There are two ways to get a car onto the starting grid of a Formula One Grand Prix. The hard way is to combine a king's ransom in money with a crew of talented automotive designers and engineers, assemble a factory full of highly specialized equipment and then employ a couple of guys willing to drive around tight circuits at speeds reaching 320 km/h.
The easier alternative is to buy a ready-made team. Not content with supplying the engines for 175 Grand Prix winning cars starting with Jim Clark's victory in the Dutch Grand Prix in 1967, the Ford Motor Company has taken the fast track to greater grand-prix prominence by acquiring the Stewart racing team, started just three years ago by former world champion driver Jackie Stewart and his son Paul. The Stewarts will continue to provide the expertise while Ford contributes the legendary Jaguar brand and its associated glamour. This weekend in Melbourne a Stewart-produced car in a more sprightly version of Jaguar's traditional British racing green livery will roll onto the grid for the first outing of the new Formula One season to mark the return of Jaguar to the big-time racing it abandoned in 1993. Since its foundation in 1922 Jaguar had been racing its cars, with three World Sports Car championships, two Daytona 24-hour victories, a Monte Carlo Rally and seven Le Mans 24-hour titles to its name.
The choice of Stewart was easy. Though a young team in F1 terms, it had already shown that it was ready to compete with the more established equipes. Better yet, Stewart has been using Ford engines to win one race last season and finish fourth in the constructors' championship. So with Stewart on their side, the only question for Ford executives was whether to race under the name of the parent company or to go with the sizzle of its subsidiary, Jaguar.
As Ferrari has demonstrated so flamboyantly there is no better way of appealing to the racer that lurks in the id of every man than in the most glamorous of motor sports. The gleaming red cars fuel the fantasies of motorists the world over. Ford's problem was that, instead of associating the brand name with luxury and performance, most people think "family car." So to grab a little gilt by association they decided to push the Jaguar name. Jaguar, meanwhile, is trying to increase its share of the market currently dominated by Mercedes Benz and BMW and increase production from around 50,000 vehicles a year to 250,000 and eventually 400,000. To do so, the British-based carmaker is expanding a series of chic, sporty models, starting with the XK8, launched in 1997, the X400 series coming in 2001 with the two-seater F-type still in prototype. Though Jaguar's market was young and trendy in the 1960s when the E-type was the epitome of motoring elegance, the customer profile these days is a lot older. The company believes that in order to attract a younger customer they have to project a more youthful image.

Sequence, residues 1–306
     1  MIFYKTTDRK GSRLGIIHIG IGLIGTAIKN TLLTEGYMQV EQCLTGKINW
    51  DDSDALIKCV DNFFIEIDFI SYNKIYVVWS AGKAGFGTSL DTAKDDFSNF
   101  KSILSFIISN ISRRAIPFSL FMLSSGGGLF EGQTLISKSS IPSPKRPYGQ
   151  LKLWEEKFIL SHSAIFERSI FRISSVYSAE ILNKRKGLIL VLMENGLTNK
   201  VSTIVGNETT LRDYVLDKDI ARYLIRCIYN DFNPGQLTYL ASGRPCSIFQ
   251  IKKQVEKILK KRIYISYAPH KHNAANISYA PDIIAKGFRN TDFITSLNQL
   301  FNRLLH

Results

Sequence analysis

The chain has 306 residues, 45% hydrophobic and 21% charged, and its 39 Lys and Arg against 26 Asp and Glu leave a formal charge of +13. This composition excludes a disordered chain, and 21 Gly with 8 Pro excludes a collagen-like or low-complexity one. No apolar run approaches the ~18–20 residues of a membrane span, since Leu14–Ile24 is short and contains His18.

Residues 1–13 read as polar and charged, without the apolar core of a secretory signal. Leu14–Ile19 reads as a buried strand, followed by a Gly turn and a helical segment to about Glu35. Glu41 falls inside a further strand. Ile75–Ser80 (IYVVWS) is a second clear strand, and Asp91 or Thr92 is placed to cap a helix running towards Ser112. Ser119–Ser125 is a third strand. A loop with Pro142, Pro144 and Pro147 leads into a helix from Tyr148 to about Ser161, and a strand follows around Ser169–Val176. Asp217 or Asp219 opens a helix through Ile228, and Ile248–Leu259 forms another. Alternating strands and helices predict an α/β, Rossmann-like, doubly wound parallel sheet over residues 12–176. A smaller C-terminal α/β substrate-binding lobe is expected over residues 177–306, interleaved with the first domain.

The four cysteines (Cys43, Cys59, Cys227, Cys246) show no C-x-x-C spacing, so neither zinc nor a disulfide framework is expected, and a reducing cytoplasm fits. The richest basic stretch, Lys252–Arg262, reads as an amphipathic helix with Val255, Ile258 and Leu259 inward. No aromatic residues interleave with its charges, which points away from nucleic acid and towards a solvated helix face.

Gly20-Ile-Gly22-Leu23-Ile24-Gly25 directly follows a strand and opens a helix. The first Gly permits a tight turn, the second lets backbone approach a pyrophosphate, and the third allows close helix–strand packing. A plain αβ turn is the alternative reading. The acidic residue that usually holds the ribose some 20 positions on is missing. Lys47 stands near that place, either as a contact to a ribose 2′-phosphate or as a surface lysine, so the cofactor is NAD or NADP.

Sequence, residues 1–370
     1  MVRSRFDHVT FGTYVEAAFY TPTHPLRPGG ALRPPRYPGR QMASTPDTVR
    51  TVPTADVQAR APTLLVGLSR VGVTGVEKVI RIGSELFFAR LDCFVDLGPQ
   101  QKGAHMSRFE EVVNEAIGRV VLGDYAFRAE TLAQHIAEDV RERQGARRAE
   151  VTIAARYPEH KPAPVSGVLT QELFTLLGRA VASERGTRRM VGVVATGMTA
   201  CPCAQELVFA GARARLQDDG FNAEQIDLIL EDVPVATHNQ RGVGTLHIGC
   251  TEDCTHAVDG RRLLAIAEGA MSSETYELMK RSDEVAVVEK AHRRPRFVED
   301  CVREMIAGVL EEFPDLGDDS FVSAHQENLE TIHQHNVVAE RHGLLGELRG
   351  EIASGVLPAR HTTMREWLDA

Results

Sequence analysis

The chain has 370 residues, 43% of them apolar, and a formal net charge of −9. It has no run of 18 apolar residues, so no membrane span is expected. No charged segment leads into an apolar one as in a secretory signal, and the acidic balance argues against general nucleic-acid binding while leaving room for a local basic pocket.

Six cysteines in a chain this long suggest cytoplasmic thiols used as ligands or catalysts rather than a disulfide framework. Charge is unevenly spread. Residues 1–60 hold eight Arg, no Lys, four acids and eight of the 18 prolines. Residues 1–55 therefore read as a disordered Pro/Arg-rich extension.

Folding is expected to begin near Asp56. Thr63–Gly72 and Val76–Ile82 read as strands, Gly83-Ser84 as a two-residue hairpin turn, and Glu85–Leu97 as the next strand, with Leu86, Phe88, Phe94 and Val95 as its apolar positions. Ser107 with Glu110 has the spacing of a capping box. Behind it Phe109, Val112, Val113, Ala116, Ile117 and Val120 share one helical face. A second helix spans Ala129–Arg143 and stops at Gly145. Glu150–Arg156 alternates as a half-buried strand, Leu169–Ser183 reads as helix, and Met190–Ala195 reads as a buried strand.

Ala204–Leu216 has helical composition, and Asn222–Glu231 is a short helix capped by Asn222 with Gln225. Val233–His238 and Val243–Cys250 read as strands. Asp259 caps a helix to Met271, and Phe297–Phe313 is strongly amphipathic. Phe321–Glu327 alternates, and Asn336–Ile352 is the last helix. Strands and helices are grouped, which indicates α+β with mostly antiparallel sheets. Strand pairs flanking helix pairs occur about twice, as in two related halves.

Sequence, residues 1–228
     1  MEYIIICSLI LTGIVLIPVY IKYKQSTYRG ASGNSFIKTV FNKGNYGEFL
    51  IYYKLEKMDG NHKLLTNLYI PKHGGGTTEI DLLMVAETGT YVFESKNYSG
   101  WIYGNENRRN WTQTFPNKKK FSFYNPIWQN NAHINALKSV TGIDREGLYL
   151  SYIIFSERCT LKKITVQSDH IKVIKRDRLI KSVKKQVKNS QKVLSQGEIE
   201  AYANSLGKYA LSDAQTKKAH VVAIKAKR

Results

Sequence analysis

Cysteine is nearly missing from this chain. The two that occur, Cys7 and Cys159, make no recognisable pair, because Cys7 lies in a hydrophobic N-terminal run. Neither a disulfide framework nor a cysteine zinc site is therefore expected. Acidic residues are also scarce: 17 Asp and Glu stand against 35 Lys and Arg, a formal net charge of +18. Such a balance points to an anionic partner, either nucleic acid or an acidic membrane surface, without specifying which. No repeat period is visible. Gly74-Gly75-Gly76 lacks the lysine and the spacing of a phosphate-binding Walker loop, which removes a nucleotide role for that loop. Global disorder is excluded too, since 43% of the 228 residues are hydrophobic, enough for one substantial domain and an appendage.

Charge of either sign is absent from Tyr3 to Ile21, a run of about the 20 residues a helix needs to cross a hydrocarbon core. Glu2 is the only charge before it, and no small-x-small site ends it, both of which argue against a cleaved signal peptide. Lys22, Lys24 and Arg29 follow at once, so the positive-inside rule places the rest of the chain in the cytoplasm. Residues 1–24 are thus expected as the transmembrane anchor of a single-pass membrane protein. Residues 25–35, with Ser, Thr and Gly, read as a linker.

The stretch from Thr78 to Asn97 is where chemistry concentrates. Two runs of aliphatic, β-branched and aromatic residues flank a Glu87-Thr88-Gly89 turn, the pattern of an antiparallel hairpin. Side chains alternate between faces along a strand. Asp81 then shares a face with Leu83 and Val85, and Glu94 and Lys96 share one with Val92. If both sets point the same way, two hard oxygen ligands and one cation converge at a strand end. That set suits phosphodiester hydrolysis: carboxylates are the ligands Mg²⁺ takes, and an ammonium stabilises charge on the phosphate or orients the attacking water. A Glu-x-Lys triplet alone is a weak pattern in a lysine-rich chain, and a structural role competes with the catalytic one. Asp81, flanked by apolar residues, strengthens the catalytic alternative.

That's where Formula One comes in. There is no more colorful, dynamic motor sport than F1. With a worldwide annual TV audience of 40 billion spread across 209 countries, the four-wheeled advertising billboards that flash across the screen in a scream of engine noise and cloud of brake dust are just the vehicles for reaching a youthful and committed public. Advertisers love Formula One, and for that reason Formula One teams attract sponsorship deals that bring in millions--last season Ferrari's lead sponsor, tobacco giant Philip Morris, paid an estimated $74 million to paint its Marlboro brand name on the bodywork. That's just as well, because Formula One is not a cheap business. A team may number between 200 and 500 people, with an annual wage bill of up to $48 million and have a turnover of $132 million for McLaren, for example, or more than $240 million for Ferrari.